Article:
Period: Qing dynasty (1644–1911)
Date: 18th century
Medium: Wood with pigments, gilding, ivory and silver
Dimensions: H. 14 1/2 in. (36.8 cm); W. 7 1/2 in. (19.1 cm); D. 6 in. (15.2 cm)
Credit Line: Purchase, Friends of Asian Art and Mrs. Charles W. Engelhard Gifts, in honor of Brooke Astor's one-hundredth birthday, 2002
Accession Number: 2002.133a, b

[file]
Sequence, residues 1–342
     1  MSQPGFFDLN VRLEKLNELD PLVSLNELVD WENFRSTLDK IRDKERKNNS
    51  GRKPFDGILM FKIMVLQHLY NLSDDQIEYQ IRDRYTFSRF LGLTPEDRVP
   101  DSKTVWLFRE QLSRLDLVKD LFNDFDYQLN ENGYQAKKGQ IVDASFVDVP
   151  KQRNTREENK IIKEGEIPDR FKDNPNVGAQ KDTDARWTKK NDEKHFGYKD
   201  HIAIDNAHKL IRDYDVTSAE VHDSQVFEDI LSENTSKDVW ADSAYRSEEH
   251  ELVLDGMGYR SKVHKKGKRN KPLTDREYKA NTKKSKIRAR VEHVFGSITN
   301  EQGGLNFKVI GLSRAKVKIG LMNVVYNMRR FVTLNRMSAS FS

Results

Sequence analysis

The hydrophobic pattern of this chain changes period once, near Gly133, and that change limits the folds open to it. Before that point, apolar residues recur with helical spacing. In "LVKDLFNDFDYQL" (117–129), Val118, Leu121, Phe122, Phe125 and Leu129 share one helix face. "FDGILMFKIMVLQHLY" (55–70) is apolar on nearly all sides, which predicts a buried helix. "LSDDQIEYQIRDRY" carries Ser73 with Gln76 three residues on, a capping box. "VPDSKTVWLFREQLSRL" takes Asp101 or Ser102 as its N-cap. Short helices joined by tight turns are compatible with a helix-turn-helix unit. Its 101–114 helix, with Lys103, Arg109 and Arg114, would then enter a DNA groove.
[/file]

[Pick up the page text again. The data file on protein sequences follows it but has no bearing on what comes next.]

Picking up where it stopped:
The Chinese characters on the bottom of this sculpture indicate the colors used for the various patterns on the robes and help catalogue it as a work of art produced by an artist trained in China, as does the style of the rocks upon which the Madonna sits. The mournful expression of the face of the Virgin, the clasped hands, and the seated position are typical of representations of the mourning Madonna (mater dolorosa), an image of the Virgin Mary that represents her sorrows during the sufferings of her Son, a theme that was popular in music and ritual during the eighteenth century. The sculpture was most likely produced either in Fujian Province or by an artist trained in that area but working in the Philippines.